“The community as a whole is about 50 years behind in terms of organizing,” said Kennedy, who is not Muslim. “The younger generation is trying to step up. The older generation just tried to fly under the radar. They didn’t want to be part of the political conversation. Unfortunately they are now, whether they like it or not.”
“Any Muslim candidate doesn’t need to draw attention to the fact that they’re Muslim. Someone else is going to do that for them,” he said. “At the end of the day, they are running as Americans. They’re not Muslim American candidates but American candidates who just so happen to be Muslim.”
Hamid Kargaran was pacing in his San Francisco living room Sunday, not watching the news, trying to stay positive, waiting for his wife to call from Iran. She was due to leave for the airport within the hour, hoping that this time she wouldn’t be prevented from boarding a plane back home.
“I never thought when I moved here and made this country my home that this would happen,” he said. “I employ people, I pay taxes. We love this country. But I feel like the hard work has been meaningless. We’re second-class citizens.”
Now he was waiting, and he knew there would be no relief until his wife actually walked into the sun in San Francisco. In three hours, she would find out whether Lufthansa agents in Tehran would let her onto a plane. In Germany, she would learn whether officials there would let her transit to California. At home, she still had to pass through U.S. passport control.
“I don’t know,” Kargaran said. “We’ve tried to do everything right. Doesn’t that matter?”
Thousands of demonstrators rallied outside the White House and in cities nationwide Sunday to protest President Trump’s refugee ban, as the executive order continued to halt travel in some locations, despite being partially lifted by federal judges overnight.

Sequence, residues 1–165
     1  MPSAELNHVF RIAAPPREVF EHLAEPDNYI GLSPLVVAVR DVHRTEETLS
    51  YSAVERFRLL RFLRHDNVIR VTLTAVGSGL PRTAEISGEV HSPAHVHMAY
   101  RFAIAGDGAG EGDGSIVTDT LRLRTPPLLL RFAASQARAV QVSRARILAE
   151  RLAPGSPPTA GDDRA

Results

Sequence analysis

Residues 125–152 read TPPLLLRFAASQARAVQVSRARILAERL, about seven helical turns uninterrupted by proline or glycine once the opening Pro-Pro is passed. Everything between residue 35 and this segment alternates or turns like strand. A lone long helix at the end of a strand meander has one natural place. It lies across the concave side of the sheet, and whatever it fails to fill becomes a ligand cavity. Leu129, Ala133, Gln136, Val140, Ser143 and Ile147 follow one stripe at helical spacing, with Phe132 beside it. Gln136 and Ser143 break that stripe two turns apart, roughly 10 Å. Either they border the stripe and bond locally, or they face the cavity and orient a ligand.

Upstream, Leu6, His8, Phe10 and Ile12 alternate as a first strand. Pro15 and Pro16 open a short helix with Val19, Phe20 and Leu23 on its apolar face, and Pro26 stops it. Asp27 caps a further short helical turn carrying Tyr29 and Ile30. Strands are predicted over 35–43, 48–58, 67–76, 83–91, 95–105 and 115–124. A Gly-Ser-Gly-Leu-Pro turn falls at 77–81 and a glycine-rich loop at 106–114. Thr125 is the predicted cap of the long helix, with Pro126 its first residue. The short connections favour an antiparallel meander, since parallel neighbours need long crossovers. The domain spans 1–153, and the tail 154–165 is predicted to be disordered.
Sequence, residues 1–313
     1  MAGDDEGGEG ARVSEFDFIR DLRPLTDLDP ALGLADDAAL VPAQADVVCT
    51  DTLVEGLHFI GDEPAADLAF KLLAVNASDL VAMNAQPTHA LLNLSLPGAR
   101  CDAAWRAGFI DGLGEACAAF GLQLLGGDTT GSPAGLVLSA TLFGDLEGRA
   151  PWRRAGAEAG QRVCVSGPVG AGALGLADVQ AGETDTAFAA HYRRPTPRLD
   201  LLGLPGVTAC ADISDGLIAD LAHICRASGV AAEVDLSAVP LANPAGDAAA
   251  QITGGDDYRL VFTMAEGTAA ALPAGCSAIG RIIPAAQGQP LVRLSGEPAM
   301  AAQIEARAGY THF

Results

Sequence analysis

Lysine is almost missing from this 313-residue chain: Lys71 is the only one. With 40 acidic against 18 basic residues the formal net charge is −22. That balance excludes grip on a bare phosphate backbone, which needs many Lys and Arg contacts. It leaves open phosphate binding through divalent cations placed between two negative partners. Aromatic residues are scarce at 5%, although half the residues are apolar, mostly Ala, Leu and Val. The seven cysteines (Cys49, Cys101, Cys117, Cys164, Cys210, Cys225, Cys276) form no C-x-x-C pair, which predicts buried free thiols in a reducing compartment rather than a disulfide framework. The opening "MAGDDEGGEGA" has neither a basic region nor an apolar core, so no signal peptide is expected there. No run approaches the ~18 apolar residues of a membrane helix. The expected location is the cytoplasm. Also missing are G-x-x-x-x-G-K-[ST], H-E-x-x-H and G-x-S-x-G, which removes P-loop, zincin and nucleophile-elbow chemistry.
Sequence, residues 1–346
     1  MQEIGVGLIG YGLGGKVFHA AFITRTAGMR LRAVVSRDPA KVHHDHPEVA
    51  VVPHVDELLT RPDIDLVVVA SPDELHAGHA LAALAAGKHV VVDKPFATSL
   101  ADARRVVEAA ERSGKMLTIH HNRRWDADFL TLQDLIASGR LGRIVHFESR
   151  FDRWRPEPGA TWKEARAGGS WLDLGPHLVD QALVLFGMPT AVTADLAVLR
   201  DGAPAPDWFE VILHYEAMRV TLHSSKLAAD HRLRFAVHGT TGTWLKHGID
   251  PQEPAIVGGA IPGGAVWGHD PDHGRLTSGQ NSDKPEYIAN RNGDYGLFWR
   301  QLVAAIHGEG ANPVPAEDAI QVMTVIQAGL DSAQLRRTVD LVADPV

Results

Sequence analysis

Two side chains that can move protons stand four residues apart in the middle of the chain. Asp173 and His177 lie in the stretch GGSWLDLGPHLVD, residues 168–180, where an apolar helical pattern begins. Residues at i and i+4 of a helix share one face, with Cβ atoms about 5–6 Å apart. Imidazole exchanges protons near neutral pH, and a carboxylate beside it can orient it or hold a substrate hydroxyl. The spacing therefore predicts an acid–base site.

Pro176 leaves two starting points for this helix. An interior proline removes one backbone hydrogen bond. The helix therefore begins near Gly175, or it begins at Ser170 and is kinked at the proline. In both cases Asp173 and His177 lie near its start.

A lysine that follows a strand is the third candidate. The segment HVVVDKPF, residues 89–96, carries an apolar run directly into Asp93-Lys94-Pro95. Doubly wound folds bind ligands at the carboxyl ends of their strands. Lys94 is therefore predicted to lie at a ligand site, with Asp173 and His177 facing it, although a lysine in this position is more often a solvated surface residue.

In addition to Washington, large protests took place in New York, Philadelphia, Boston and Atlanta, and at airports in more than 30 cities.
In downtown Washington, protesters lined Pennsylvania Avenue and filled Lafayette Square. They cycled through a variety of chants, and wielded poster boards bearing messages such as “Islamophobia is un-American” and “Dissent is patriotic.”
The travel ban bars entry into the United States from seven predominately Muslim countries. Despite a federal judge’s ruling late Saturday night, and similar court decisions with varying degrees of power, the Department of Homeland Security issued a statement Sunday that said the agency would continue to implement the travel rule.
Al-Azhar, one of the most prominent sunni Islamic institutes of higher learning, has condemned a broadcast on Dutch television that showed cartoons about the Islamic prophet Muhammed. According to the institute located in Egypt the caricatures conceal a “sick fantasy”.
The video was produced by the anti-Islam political party PVV (Partij voor de Vrijheid) of Geert Wilders and was showed during the Dutch Broadcasting Time for Political Parties. In a declaration Al-Azhar calls upon Muslims to “ignore this act of terror.” “The stature of the prophet of mercy and humanity is too high and honorable to be damaged by drawings that do not respect moral or decent norms.”
The PVV leader Geert Wilders preceded the video with the words: “The best way to show terrorists that they will never win is by doing that which they are trying to prevent us to do. The cartoons were not shown to provoke but to show that we defend freedom of speech and will never bow to violence. Freedom of speech should always win vis-a-vis violence and terror.”